Dan Gillmor leads off the conference in Seoul with an overview of some of the high points of Web 2.0, including the Bush/Blair lipsynch video, which always gets a good laugh. (What’s Dan going to do if Blair resigns, I wonder?) His point is that audio and video are put together and remixed in ways that seem deeply foriegn to people who haven’t grown up with digital media. (Dan seems to be navigating quite well for someone who’s worked for as many mainstream newspapers as he has…)
He showcases some fascinating new tools which we can imagine helping us navigate the new landscape of participatory media. One of the most interesting is screencasting, a technology pioneered by John Udell, which lets an author walk someone through a set of webpages while playing an audio commentary track. Dan shows off a movie about the Wikipeda “heavy metal umlaut” article, which does a brilliant job of helping explain how Wikipedia articles grow and get corrected.
Cool tech aside, Dan’s point is that “technology is the least important part of what’s going on – it’s about journalistic principles.” Specifically, Dan believes that citizen journalists need to practice thoroughness, accuracy, fairness, independence and transparency, acknowledging that mainstream journalists need to get better about being more transparent as well. The tools we have – RSS, OPML, easy publishing technologies – enable us to about leverage the wisdom of the crowds, roll our own media, and to collect, upload, blog, show video, annotate and argue…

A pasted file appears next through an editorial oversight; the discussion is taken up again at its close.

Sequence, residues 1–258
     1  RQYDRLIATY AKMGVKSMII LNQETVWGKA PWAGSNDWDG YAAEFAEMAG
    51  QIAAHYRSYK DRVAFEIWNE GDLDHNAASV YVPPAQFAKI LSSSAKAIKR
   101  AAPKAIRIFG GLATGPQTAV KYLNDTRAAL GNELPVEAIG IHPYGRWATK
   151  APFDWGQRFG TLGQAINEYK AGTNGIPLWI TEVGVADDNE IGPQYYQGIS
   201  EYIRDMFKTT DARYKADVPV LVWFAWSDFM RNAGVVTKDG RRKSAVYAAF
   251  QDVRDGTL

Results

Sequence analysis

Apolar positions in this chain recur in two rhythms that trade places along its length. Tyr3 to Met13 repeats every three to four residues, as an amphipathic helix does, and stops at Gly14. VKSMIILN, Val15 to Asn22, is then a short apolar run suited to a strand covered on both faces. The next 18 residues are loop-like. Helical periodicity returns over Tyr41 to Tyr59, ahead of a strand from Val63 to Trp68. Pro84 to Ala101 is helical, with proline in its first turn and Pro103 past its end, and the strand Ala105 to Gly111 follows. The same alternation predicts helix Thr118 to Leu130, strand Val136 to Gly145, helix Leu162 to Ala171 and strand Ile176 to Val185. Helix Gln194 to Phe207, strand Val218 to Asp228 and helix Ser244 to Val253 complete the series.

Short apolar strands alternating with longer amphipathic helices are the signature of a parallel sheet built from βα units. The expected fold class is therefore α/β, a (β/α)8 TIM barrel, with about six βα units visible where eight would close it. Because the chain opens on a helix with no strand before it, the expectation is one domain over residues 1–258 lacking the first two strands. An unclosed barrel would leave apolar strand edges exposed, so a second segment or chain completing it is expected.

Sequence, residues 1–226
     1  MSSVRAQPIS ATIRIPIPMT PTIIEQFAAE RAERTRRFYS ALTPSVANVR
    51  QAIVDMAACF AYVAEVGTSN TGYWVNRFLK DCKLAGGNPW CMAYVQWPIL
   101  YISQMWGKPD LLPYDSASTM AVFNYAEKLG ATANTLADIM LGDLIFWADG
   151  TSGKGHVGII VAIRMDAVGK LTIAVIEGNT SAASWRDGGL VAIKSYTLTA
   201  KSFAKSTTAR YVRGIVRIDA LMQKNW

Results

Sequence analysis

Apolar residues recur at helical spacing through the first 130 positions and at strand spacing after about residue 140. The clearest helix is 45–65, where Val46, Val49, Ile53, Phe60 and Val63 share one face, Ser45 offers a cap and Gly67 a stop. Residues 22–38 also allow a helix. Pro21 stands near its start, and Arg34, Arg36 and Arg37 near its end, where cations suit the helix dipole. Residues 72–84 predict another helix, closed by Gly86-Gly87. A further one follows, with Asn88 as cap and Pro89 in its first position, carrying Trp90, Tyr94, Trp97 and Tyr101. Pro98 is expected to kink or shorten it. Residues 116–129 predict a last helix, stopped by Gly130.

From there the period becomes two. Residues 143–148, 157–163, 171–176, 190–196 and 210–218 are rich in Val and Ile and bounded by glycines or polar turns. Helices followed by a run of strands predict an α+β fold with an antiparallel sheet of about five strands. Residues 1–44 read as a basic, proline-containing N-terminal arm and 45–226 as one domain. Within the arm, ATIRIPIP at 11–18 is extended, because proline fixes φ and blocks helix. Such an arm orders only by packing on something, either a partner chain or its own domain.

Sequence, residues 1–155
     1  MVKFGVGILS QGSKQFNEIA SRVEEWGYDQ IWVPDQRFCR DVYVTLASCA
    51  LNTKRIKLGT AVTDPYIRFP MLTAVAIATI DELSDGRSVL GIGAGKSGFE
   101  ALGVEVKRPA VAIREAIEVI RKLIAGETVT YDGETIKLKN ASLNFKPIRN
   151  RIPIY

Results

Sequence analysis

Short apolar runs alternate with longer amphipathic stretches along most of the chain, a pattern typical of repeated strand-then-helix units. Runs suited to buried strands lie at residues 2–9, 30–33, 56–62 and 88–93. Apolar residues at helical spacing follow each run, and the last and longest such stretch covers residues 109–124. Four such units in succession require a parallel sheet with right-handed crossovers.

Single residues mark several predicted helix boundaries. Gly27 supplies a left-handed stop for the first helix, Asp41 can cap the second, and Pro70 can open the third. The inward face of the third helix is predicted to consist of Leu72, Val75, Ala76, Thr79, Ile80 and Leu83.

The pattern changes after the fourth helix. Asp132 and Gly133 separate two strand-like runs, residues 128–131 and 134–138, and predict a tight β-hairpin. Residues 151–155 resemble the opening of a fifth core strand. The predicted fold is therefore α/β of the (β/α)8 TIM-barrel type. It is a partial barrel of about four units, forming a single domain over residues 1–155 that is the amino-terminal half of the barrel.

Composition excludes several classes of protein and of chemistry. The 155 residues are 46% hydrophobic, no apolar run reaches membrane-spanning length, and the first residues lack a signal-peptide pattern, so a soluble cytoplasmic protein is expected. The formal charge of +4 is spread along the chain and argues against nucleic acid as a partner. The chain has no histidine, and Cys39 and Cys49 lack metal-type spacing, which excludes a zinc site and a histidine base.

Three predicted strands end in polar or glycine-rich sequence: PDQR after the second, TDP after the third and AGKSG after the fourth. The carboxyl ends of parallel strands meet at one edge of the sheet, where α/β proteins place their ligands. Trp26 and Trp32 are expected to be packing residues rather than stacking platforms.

But while the technology is not the core problem of citizen journalism, the technology can get much better, Dan argues. Assuming that Moore’s law continues progressing, that devices to create content get smaller, more pervasive and easier to use, Dan believes we need – and may see – better conversation tools, news finding and reading tools, content creation tools, and pervasive metadata.
Dan’s Center for Citizen Media – allied with UC Berkeley’s Journalism school as well as with the Berkman Center – will help outline the need for some of these tools. But his core goals, as he suggests from his comments on technology and principles, are to ensure that the people building and using these new tools take the core principles that make journalism work.